I attended a conference called Strange Loop in St. Louis last week. I don't have notes or thought on every talk I attended, but here were a few I enjoyed most.
I learned that in high contrast modes, often overlays will appear to be floating on top of the page with no outline, since high contrast modes make the backgrounds all one color. You can add
border: 1px solid transparent to the overlay container to make sure there will be a visual distinction between the overlay and the background.
Ian talked a bit about curb cuts and how they were originally conceived for people with disabilities who use assistive technology (wheelchairs), but ended up helping lots of other people (people with grocery carts and strollers, the elderly, etc). He likened how awful it would be to remove curb cuts for aesthetic reasons to how awful it is when website designers remove link underlines or focus outlines for aesthetic purposes. Those features are affordances so people with varying ability levels and ways of using the computer are able to understand what they're doing on the web.
"I don't like the way curb cuts look so let's remove them to make the intersection more aesthetically pleasing" - how you sound when you want to remove link underlines without thinking it through, or disable focus outlines. #a11y by @ianforr at #strangeloop— Cassey Lottman (@CasseyLottman) September 14, 2019
Remember: all images need alt attributes but not all need alt text inside those attributes.
On a list of books, are the cover images adding something to the page that isn't already there, or are they just decorative? If they're decorative, don't make your alt text
cover of bookname. Just make it a decorative image by adding
That book cover image? If it's decorative but also a link, and the link is a duplicate of a link whose text is the book title, make the image link aria-hidden so screenreader and keyboard users don't get fatigued by the repetition.
Artificial Unintelligence: How Computers Misunderstand the World
There are a lot of talks on machine learning and AI that I've been avoiding at #StrangeLoop because I don't believe the hype that AI will save us. This one by @merbroussard on "how computers misunderstand the world" is more up my alley. pic.twitter.com/J9EEtPklyI— Cassey Lottman (@CasseyLottman) September 14, 2019
Meredith gave an overview of what people usually mean when they say artificial intelligence (that is, machine learning) and why its powers are more limited than most people believe.
She also talked about bias in algorithms due to bad training data and the lack of diversity in the field. In 2017 there were 0 women in the Harvard faculty as senior mathematicians. But this bias goes back centuries, and the idea is that math is special and doesn't need to be concerned with the petty social concerns of other disciplines.
Computer science is a descendant of mathematics. It has inherited the biases of its predecessors, so we have bias embedded in the technology we build.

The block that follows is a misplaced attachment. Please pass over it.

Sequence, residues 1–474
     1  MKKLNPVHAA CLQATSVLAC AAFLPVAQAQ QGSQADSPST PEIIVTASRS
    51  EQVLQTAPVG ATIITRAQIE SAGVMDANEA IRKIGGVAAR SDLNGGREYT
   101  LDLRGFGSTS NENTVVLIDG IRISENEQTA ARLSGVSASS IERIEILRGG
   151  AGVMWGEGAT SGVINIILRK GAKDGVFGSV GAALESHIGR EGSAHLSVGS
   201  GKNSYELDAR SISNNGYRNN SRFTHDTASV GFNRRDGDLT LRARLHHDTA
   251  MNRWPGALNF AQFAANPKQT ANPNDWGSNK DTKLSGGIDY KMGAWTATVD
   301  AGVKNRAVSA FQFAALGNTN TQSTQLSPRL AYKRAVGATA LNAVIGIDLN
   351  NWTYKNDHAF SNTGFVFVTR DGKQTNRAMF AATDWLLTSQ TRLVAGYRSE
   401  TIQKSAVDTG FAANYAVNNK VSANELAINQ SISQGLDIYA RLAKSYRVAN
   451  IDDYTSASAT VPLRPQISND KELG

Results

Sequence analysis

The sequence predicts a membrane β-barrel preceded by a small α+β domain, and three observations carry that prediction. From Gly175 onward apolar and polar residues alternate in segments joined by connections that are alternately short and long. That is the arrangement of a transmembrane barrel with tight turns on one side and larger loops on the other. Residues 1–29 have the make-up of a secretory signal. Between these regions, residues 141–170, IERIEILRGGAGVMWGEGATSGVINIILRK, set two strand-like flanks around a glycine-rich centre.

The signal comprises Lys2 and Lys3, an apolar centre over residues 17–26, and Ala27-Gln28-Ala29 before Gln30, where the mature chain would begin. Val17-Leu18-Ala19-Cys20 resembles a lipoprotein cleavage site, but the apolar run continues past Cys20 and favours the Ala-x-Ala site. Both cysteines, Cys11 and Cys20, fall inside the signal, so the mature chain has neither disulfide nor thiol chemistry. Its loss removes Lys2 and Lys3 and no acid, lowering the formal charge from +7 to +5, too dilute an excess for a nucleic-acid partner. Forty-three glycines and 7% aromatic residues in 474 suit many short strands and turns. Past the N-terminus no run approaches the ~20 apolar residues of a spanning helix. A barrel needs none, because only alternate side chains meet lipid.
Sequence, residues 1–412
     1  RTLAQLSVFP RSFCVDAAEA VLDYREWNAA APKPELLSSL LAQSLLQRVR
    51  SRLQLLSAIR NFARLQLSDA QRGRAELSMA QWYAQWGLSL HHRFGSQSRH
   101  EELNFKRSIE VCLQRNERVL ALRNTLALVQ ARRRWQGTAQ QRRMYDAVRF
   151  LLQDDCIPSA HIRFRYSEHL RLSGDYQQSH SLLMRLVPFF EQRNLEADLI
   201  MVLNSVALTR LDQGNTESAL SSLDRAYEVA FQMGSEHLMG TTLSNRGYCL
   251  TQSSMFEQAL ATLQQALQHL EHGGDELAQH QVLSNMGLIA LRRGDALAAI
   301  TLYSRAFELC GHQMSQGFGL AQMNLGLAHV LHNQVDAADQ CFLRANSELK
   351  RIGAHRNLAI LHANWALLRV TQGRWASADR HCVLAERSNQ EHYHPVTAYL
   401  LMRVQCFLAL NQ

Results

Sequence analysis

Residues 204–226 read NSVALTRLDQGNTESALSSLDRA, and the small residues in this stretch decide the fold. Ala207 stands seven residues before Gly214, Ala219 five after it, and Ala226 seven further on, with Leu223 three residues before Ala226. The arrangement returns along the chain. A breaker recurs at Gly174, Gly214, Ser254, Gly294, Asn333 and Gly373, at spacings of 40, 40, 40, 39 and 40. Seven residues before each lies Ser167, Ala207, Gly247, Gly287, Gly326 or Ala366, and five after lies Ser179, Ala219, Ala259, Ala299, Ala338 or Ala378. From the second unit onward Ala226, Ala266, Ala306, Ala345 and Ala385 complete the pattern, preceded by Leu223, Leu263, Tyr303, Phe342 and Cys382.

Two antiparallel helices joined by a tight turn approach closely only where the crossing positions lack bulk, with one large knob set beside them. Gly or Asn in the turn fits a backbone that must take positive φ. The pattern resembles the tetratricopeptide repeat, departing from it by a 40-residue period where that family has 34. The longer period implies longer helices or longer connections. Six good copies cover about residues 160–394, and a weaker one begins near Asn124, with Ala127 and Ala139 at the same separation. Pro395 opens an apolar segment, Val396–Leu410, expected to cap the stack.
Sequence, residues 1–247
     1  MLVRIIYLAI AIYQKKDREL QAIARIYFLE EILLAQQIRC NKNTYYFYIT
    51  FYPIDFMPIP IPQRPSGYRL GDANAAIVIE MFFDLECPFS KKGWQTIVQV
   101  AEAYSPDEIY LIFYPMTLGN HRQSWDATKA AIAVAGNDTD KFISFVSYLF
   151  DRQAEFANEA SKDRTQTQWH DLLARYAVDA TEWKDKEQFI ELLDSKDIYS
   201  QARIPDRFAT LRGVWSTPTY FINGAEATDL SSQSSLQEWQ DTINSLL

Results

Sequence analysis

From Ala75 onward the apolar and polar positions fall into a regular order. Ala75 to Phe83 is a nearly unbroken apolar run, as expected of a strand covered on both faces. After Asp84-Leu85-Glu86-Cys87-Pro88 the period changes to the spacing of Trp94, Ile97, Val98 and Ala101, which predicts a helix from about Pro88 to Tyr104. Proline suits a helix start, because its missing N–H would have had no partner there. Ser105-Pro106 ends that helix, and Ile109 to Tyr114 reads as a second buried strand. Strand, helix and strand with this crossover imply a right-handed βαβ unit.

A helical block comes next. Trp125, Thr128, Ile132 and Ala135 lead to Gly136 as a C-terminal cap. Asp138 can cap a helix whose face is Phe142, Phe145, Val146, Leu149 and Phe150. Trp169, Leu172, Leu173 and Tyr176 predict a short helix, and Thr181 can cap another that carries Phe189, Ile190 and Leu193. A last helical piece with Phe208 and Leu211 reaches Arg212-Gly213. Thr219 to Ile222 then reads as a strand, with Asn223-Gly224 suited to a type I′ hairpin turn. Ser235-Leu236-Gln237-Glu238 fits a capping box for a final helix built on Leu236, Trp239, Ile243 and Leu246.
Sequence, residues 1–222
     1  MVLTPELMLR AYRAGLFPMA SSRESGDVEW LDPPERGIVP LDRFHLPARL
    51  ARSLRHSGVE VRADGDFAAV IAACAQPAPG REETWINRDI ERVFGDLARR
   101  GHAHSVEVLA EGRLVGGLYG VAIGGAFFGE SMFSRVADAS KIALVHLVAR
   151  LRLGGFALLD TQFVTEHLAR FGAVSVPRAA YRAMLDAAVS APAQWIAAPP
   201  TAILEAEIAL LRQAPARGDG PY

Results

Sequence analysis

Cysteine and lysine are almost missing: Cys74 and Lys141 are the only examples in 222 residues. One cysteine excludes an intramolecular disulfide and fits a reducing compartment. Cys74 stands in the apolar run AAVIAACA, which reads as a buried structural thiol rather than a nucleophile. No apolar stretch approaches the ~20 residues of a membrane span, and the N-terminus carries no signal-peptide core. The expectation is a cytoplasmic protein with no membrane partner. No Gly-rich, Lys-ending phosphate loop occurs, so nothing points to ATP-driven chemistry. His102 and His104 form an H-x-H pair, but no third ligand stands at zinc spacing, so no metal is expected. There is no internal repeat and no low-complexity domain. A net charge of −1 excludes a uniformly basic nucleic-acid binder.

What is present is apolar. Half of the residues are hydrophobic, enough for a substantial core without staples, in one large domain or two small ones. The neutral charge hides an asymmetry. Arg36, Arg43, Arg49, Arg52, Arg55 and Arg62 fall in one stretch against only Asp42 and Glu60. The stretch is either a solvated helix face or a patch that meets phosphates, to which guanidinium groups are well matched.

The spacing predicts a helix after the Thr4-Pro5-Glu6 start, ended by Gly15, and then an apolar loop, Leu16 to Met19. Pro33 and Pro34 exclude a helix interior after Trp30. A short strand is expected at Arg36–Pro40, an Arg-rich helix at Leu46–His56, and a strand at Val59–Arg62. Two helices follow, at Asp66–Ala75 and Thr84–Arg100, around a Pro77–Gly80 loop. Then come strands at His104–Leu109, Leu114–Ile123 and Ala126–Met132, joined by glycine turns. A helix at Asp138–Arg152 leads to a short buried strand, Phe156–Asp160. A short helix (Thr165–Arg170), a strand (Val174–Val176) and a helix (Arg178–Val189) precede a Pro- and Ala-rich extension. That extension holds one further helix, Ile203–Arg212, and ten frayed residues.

Strange Loop was located in downtown St. Louis, and though it was a dense, under many definitions "walkable" area, as a pedestrian going between conference venues, restaurants, and my hotel I did not feel very safe. One car, travelling fast through a left turn, came within a couple feet of hitting me as I used a crosswalk. Many crosswalks either had no pedestrian signaling or a pedestrian signal that didn't work. There were intersections with pedestrian signals permanently set on "Don't Walk" that never seemed to change, and had no button I could find to indicate that someone was waiting to cross.
How To Teach Programming
Felienne gave a wonderful keynote on "how to teach programming". Many programmers are self-taught and just "figured stuff out", so we assume that everyone can just "figure it out" and that this is a good way to learn. But programming isn't special - research in the best way to help people learn applies to programming, too! Felienne laid out some of that research including original research on programming education.
Lara Schenck gave a great talk on CSS Algorithms which covered a lot of ground, including "what is a programming language" and how CSS meets most definitions of one. She has a blog post on CSS Algorithms that covers a bit of what the talk got into, but the full video is worth a watch, when it comes out.
Community Driven Development
Christine Zagrobelny gave a talk on Community Driven Development, or what she has learned as the primary tech contributor to an organization helping immigrants file asylum cases and work within the American immigration system. It had good insights for open source maintainers and developers and product managers wanting to work with cause-based organizations. It led me to reflect on how I'm using my time, which is something I've been thinking a lot about over the last few weeks. What impact am I making outside of work, and how can I make that impact sustainable?
Tweet My Wedding Dress
Jo Franchetti gave a talk on how she built a wedding dress that has embedded lights that change colors based on tweets to a specific account that contain a color word. It was an interesting lesson in building wearable devices, hardware hacking, and creativity.
Voice Driven Development
Emily Shea gave a talk on "Voice Driven Development", about how she uses voice dictation to control her computer and code, after developing severe RSI. It was eye-opening to learn how doable voice-controlled coding is (though it took her a month to learn and develop speed).
Imogen Heap was the ending keynote speaker. She talked about problems in the music industry (especially around how creators get paid) and how tech can help. She also demoed and performed with her fancy gloves that she uses to make music. She also talked a bit about being a new mom (several years ago) and how that affected her career. She once wrote a song that used the beat of her breast pump as the tempo.
The whole thing was quite inspiring!